A strategy for giving
In the emergency room and on the battlefield it’s easy to appreciate the wisdom of a triage system: those with the greatest need are helped first. But few of us, particularly the wealthy, apply that same type of thinking when it comes to making donations to charities.
December marks the height of the charity season, when Americans give the bulk of roughly $290 billion donated annually by individuals. Various studies have pointed to an overall increase in charitable giving in recent years, although new tax laws might adversely affect that trend.
Due to the higher standard deduction fewer Americans will itemize donations and that could lead to the unintended consequence of less money going to charity. Notably, however, the group least affected by the new tax rules is the one that makes the largest contributions: wealthy individuals earning over $200,000 a year.
So, which causes do these affluent folks support, and how do they make their gifting decisions?
The U.S. Trust study, published by Bank of America and Indiana University, reveals several troubling answers. First, roughly half of wealthy donors don’t have a strategy for giving. They are guided by relationships with organizations, such as colleges, churches and foundations, and by their own past patterns of giving. That’s understandable, but hardly the definition of a triage system.
Second, nearly half of wealthy people, 46 percent, make no contributions whatsoever to “basic needs” such as food and shelter. Even more concerning, among the 54 percent who did, the amount given represented only 19 percent of the total. In other words, although a majority of rich people see human need as important, they fail to give it the majority of their charity budget.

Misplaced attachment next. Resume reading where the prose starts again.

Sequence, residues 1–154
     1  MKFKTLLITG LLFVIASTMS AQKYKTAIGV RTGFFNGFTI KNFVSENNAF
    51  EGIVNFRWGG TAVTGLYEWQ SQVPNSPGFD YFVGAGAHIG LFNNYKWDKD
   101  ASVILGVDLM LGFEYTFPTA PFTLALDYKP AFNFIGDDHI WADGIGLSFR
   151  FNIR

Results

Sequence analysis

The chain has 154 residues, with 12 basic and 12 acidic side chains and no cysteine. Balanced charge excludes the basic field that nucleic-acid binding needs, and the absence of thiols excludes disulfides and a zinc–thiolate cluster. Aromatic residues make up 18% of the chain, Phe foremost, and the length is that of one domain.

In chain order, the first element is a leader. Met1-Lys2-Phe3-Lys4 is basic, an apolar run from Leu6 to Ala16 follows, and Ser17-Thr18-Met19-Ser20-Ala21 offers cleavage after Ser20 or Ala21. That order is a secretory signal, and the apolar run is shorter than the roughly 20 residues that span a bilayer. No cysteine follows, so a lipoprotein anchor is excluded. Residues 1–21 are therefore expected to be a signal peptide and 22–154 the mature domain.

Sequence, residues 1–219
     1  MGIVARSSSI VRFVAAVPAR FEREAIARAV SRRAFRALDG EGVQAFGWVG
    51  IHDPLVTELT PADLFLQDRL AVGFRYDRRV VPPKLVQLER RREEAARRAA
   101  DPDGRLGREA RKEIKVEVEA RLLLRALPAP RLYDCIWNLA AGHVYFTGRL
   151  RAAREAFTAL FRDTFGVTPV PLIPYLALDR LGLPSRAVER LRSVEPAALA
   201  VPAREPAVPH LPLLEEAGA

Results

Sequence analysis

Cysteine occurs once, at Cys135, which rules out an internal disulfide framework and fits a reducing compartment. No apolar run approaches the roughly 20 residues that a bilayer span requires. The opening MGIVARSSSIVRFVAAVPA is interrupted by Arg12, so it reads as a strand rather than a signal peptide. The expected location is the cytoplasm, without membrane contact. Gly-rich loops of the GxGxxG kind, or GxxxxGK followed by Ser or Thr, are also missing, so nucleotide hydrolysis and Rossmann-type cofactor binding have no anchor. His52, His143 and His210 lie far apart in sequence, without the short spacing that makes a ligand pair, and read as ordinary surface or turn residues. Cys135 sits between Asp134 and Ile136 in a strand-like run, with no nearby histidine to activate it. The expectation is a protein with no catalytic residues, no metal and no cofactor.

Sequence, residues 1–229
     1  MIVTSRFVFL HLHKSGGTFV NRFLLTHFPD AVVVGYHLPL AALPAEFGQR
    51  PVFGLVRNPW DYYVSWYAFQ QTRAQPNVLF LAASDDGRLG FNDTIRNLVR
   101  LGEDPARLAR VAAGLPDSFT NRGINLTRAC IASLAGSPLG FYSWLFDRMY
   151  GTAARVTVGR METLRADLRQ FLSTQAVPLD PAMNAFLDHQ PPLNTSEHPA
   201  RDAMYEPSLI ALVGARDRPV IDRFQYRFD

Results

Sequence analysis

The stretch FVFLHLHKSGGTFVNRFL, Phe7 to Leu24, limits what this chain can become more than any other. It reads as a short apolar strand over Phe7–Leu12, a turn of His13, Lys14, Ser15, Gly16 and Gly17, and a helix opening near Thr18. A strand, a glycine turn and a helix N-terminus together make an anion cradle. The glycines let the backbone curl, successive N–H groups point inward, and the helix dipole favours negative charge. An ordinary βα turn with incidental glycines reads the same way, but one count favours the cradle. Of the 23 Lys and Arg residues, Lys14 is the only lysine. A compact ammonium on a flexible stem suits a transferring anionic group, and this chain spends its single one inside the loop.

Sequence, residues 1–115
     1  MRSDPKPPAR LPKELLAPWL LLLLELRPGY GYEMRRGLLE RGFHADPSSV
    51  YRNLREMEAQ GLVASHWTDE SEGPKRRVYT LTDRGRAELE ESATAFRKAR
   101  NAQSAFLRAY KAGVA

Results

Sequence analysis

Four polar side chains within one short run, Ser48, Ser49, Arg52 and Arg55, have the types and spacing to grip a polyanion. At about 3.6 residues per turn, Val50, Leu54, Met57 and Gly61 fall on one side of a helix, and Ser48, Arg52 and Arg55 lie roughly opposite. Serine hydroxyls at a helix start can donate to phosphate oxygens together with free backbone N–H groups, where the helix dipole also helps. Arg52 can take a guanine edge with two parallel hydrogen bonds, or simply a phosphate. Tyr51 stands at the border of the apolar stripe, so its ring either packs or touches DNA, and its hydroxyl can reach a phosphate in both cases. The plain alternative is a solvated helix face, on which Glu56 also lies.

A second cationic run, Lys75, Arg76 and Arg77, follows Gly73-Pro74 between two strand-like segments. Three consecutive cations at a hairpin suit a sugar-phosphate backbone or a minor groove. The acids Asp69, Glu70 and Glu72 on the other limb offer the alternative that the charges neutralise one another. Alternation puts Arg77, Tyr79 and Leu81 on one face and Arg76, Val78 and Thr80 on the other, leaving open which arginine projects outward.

Statistics show that the poorer you are the more you give, proportionately, to basic needs. Why is that? Is it because poorer people more clearly recognize the plight of those even less fortunate?
Maybe it’s because wealthy Americans believe government is doing enough to aid the hungry and homeless. Perhaps some among the affluent are suspicious of the poor believing they game the system and don’t take enough responsibility for their plight.
Such thinking only obfuscates the bottom line: despite an improving economy and a drop in unemployment, roughly 40 million Americans live in poverty. The latest figures from the U.S. Census Bureau also show that child poverty remains alarmingly high - due in part to the number of single-parent homes, coupled with the fact that women continue to earn less, on average, than men.
Although poverty figures differ depending on the metrics, there is general agreement that the U.S. has far more poverty than most developed countries such as Canada and in the U.K. How wealthy must we, as a nation, become before this stops?
As I write this at my office in California I’m also overwhelmed by the fact that more than 14,500 of my neighbors to the north have lost their homes and businesses in the Butte County wildfire. And that’s just the latest in a swath of disasters from Puerto Rico to Florida, the Carolinas, Texas and California that have left many people in need.
The U.S. Trust survey says just 1 percent of charitable donations by the wealthy goes to disaster relief efforts.
So, I wonder, is this the best time to write a check to help the school band get new uniforms? For the super rich, does your alma mater really need another building with your name on it?
There are many good causes, no doubt about that, and it would be foolish to cut them out of our charity budgets. But perhaps everyone, especially the wealthiest among us, can make a strategic adjustment so that more money goes where it’s needed most.
As Orwell might have framed it in this season of giving: All charities are equal, but some are more equal than others.
A list of Peter Funt’s upcoming live appearances is available at www.CandidCamera.com. Peter Funt is a writer and speaker. His book, “Cautiously Optimistic,” is available at Amazon.com and CandidCamera.com. 0„82018 Peter Funt. Columns distributed exclusively by Cagle Cartoons, Inc., newspaper syndicate.